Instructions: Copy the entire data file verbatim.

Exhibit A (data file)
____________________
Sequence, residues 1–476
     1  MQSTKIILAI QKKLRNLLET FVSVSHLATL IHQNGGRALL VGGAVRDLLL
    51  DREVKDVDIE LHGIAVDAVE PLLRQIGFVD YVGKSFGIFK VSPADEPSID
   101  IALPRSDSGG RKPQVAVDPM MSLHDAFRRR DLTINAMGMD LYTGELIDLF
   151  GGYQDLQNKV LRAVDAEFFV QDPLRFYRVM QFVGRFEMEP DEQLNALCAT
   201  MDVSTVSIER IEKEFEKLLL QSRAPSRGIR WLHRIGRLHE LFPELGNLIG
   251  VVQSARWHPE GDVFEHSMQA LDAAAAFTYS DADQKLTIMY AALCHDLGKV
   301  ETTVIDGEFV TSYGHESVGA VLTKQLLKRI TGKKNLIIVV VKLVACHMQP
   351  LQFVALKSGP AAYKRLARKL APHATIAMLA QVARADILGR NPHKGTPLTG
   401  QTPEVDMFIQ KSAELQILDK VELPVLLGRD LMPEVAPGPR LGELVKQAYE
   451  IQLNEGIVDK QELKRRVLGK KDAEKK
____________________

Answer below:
Sequence, residues 1–476
     1  MQSTKIILAI QKKLRNLLET FVSVSHLATL IHQNGGRALL VGGAVRDLLL
    51  DREVKDVDIE LHGIAVDAVE PLLRQIGFVD YVGKSFGIFK VSPADEPSID
   101  IALPRSDSGG RKPQVAVDPM MSLHDAFRRR DLTINAMGMD LYTGELIDLF
   151  GGYQDLQNKV LRAVDAEFFV QDPLRFYRVM QFVGRFEMEP DEQLNALCAT
   201  MDVSTVSIER IEKEFEKLLL QSRAPSRGIR WLHRIGRLHE LFPELGNLIG
   251  VVQSARWHPE GDVFEHSMQA LDAAAAFTYS DADQKLTIMY AALCHDLGKV
   301  ETTVIDGEFV TSYGHESVGA VLTKQLLKRI TGKKNLIIVV VKLVACHMQP
   351  LQFVALKSGP AAYKRLARKL APHATIAMLA QVARADILGR NPHKGTPLTG
   401  QTPEVDMFIQ KSAELQILDK VELPVLLGRD LMPEVAPGPR LGELVKQAYE
   451  IQLNEGIVDK QELKRRVLGK KDAEKK